Creation of Lake Wissota: Six Thouand Acres Flooded to Form Lake

Photographed May 23, 2015
Lake Wissota State Park
Chippewa Falls, Chippewa County, Wisconsin
44° 58' 51.75" N, 91° 18' 15.32" W (park entrance)
44.97384,-91.312477 (marker location)
Google Map

The marker is on the left;
see below for marker transcription.

The marker and tree are located about two miles inside Lake Wissota State Park, at a vista point en route to the campground sites. The address to the entrance to the park is located at 18127 County Highway O, Chippewa Falls, Wisconsin 54729.

NOTE: An annual pass or fee is required to enter the State Park to access the marker.

Hydroelectric Dam is Built
In 1917, a hydroelectric dam was completed on the Chippewa River, and Lake Wissota was formed. The dam site at the confluence of five rivers and streams and created the lake that you see today. The dam and power station was owned by the Wisconsin-Minnesota Light and Power Company. Louis G. Arnold, a young engineer working on the construction of the dam, combined the first syllable of Wisconsin and the last two Minnesota to produce the name for Lake Wissota.
Workers Harness a Natural Resource
About 700 workers were employed in the construction of the dam and bridges in the area. Before the construction of the dam began, a village was laid out nearby to house the workers. The village had a water supply, sewer system, homes, bungalows, bunkhouses, and a central dining room. A schoolhouse was also constructed for the children of the workers.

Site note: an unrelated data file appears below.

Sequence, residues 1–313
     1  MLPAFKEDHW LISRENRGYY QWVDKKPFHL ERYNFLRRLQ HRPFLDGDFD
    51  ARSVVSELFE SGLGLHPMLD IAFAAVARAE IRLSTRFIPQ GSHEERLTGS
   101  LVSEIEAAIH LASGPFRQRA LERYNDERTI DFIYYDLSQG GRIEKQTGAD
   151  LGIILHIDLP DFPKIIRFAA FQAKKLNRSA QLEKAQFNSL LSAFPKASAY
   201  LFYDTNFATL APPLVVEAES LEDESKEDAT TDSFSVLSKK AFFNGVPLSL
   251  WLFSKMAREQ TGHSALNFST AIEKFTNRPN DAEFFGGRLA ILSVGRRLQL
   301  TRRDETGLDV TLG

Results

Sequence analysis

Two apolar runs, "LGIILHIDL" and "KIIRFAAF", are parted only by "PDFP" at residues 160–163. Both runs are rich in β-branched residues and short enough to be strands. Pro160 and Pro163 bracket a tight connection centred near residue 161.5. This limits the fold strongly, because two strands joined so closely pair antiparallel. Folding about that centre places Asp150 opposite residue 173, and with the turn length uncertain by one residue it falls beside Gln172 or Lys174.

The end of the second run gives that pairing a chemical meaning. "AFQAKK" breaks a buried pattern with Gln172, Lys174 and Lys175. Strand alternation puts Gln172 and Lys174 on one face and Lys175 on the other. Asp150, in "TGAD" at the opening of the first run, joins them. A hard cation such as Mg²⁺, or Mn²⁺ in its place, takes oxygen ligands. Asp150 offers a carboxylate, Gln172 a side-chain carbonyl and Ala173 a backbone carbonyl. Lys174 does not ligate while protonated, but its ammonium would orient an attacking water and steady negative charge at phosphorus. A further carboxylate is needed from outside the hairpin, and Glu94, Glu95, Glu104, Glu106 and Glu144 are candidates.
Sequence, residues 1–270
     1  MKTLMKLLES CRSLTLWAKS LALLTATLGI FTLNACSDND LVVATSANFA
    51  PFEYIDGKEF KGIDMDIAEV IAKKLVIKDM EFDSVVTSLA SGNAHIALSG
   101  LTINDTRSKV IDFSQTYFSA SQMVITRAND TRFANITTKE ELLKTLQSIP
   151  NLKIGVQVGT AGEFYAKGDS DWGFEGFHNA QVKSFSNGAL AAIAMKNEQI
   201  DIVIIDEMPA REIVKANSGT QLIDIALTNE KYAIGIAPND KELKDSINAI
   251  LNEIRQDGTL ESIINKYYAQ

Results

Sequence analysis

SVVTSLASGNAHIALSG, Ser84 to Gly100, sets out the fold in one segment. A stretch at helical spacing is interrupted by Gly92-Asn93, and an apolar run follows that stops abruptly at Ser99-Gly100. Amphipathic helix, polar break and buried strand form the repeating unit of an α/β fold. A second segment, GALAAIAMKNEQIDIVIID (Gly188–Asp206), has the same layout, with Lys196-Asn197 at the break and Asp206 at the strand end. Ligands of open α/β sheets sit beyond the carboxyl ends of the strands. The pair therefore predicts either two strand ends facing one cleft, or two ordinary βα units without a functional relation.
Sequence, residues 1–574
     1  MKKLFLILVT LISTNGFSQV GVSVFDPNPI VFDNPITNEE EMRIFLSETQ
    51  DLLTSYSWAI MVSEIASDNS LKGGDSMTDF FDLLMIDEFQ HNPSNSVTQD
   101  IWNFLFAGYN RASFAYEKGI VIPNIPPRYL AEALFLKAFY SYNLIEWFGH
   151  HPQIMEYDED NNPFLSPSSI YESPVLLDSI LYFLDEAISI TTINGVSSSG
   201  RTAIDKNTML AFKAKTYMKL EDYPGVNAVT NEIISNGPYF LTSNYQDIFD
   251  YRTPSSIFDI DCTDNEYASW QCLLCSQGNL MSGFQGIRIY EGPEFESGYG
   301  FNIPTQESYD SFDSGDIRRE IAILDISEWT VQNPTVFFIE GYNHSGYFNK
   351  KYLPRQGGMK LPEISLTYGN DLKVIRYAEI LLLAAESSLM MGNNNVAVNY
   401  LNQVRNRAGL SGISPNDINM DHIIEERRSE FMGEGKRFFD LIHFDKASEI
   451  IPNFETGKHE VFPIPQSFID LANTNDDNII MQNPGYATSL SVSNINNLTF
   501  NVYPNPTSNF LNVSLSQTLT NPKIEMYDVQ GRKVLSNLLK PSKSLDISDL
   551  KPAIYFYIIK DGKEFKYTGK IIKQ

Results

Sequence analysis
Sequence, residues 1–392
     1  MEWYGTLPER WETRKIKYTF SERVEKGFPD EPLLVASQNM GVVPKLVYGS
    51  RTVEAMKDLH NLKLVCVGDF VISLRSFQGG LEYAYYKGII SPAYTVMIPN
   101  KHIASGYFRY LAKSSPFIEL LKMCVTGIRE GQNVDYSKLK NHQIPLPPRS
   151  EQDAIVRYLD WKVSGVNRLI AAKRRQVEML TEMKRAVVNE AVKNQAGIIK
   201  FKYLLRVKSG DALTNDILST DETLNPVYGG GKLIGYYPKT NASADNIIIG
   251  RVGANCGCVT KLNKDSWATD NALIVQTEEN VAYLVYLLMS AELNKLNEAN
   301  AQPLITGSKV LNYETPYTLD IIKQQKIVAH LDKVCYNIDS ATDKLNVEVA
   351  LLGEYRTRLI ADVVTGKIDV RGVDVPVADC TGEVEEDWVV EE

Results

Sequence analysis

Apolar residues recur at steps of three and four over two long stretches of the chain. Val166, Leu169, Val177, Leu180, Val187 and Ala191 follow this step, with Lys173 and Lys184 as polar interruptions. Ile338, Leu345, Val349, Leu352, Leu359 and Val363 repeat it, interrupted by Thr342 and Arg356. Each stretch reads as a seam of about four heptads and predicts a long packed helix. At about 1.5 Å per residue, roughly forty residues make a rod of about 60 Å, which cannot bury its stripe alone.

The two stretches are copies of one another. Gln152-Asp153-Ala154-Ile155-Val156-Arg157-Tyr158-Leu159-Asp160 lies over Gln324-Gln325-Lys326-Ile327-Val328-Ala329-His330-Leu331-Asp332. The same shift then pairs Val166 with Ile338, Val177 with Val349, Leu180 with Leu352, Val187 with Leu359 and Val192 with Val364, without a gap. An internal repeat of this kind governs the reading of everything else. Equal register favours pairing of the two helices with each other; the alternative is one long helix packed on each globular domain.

White Coal Supplies Power
White coal is a poetic name given to hyrdro power. "White' because of the splashing of the water and "coal" because of the energy derived from the flowing water. Today white coal is attractive because it is a clean source of power. The output of the Lake Wissota hydro plant in 1918 produced the same amount of electricity that 1120 tons of coal per day would produce. Today that would be enough power to supply 16,000 homes.

The Chippewa River system is a very attractive source for hydro power. Along the Chippewa River in Chippewa County alone, one-third of all the hydro power produced in the State of Wisconsin is generated.

The marker is located inside Lake Wissota State Park.

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